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under way. there is a temporary suspension. we're going to work with those remaining six countries for ways to enhance, but the other countries we mentioned and our policy is that we're confident that someone comes from that country that they are, in fact, who they say they are. this is really about the safety and the security of the american people. it is not a religious ban it is people coming into this country for countries for which we cannot be confident that they represent a threat. >> does the president undermine when he told that they would prioritize christians. >> the president was reflecting on the fact that christians who have faced persecution across theed bier middle east have not been treated. >> so it's a religious test. >> it's not a religious test. people are straining to do that. it identified seven countries irrespective of the religious composition of those countries.
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seven countries have been compromiseded by terror ifrm, and i've got to tell you, we respect the right of every american to be heard on protest, online there are messages and that's what freedom looks like and that's what freedom sounds like, but i truly do believe that a majority of the american people are grateful that we have a president who is willing to take decisive action, use the authority he has under the constitution and the law to pause with regard to these seven countries and rethink the way we admit into america. >> you don't accept the notion that you guys did this hastily and a little sloppy? >> we live in a dangerous world. i think the american people welcome a president as decisive and as action oriented as president trump. >> i want to ask about the president's criticism that he called him a so-called judge. that's the leader of the executive branch. you know, that made a lot of people uncomfortable. i know your answer is hey, this is donald trump, people need to get used to it, but there is a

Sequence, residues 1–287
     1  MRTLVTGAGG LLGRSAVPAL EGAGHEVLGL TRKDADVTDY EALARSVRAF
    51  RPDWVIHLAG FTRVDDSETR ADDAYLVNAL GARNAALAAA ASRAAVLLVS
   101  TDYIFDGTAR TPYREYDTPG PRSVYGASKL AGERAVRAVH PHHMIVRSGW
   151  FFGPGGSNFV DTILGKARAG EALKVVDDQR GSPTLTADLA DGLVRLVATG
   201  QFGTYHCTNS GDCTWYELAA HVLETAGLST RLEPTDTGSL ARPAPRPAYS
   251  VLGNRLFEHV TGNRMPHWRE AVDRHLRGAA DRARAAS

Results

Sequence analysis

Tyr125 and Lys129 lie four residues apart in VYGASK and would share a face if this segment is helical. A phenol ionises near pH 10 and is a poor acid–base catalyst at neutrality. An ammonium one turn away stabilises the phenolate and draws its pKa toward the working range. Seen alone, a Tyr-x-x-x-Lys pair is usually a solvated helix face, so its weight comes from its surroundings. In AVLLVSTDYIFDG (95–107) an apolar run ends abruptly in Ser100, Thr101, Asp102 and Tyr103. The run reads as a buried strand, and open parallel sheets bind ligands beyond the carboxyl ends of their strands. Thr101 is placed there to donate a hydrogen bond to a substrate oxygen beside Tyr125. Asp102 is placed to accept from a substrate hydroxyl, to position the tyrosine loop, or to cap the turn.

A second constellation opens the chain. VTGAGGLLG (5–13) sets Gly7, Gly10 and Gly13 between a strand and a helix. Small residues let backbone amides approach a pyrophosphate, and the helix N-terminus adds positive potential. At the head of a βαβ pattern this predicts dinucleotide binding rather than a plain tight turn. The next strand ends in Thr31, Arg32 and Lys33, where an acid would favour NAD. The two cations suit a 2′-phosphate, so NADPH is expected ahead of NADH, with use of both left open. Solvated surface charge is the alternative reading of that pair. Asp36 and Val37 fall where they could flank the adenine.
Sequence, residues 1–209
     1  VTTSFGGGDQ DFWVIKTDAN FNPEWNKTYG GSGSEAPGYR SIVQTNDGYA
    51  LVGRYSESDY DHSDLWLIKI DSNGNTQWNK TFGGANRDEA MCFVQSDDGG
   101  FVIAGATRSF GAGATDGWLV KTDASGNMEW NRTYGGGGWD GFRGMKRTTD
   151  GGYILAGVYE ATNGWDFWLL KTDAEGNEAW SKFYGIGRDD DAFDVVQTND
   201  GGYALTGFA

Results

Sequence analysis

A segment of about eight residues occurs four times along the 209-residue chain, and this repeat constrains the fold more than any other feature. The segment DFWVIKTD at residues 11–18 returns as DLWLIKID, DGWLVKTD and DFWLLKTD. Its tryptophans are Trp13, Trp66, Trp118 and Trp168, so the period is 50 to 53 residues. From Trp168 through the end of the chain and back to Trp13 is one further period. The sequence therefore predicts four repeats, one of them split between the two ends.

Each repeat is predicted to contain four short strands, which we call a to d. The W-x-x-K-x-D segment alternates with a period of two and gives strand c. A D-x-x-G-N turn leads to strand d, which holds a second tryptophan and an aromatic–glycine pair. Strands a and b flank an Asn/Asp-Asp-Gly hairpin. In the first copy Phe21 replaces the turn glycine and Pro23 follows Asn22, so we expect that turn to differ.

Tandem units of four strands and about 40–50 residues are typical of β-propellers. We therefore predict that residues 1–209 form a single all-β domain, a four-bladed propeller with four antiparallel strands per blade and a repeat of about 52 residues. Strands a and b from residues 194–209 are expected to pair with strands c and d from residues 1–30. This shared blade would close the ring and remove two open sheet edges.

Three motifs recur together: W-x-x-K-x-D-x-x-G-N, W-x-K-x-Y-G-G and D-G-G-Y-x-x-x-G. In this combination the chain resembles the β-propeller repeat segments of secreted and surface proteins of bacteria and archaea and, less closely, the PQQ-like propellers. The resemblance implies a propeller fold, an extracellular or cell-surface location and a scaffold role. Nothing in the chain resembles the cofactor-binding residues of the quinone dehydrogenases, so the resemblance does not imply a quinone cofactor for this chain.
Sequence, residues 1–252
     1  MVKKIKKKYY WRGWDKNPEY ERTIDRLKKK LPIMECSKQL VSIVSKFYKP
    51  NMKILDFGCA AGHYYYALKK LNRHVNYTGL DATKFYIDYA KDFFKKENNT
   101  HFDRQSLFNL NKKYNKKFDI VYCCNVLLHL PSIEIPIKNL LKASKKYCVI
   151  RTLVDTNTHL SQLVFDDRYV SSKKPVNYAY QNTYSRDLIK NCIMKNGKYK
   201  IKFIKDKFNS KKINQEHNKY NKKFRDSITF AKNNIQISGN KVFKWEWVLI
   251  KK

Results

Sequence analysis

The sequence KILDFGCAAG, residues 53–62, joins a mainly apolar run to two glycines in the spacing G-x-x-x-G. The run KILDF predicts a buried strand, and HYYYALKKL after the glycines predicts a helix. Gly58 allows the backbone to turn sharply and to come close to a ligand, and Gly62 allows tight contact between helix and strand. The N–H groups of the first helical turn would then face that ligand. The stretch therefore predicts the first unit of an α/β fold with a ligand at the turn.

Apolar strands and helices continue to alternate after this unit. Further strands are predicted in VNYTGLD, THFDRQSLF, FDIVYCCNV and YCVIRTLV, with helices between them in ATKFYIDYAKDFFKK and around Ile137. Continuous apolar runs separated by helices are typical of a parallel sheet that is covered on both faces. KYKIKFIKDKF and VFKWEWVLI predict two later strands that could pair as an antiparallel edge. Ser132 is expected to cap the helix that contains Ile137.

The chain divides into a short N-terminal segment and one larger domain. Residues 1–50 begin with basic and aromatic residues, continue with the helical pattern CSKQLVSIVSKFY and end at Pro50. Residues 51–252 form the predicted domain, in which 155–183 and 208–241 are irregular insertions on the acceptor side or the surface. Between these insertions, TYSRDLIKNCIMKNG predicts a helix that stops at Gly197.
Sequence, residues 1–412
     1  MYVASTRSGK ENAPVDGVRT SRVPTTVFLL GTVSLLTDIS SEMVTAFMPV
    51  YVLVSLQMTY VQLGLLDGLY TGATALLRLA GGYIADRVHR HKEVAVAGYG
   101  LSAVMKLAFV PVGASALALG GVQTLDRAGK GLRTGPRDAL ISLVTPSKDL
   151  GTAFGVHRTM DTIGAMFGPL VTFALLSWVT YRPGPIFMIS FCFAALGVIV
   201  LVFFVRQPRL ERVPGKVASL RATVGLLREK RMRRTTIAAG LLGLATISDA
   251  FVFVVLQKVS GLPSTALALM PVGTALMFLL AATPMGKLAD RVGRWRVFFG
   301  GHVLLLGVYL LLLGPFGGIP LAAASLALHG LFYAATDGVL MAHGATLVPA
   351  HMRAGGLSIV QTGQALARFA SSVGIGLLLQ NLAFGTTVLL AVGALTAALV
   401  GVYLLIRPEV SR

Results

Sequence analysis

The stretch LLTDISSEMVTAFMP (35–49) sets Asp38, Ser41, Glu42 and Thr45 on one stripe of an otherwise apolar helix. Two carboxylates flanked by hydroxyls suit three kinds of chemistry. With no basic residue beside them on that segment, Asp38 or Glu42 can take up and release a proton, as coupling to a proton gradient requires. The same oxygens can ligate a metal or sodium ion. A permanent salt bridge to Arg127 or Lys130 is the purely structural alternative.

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tendency here to just not take critics -- not take criticism constructively or seriously. he accused chuck schumer of having fake tears. it's like any time he gets some sort of critique he wants to commune ify them and make them go away. is that healthy? >> the look, the president of the united states has every right to criticize the other branch of government, we have a long history of that in our country. >> is this a way to do it? >> i think people find it not only refreshing that they understand the president's mind and how he feels about things and he expresses himself in a unique way, and again, the judge's actions -- look, the judge's actions in this case in washington which are adodds with the federal district court in boston that upheld the constitutionality, the federal judge making decisions about american foreign policy and national security, it is frustrating to the president and the whole administration and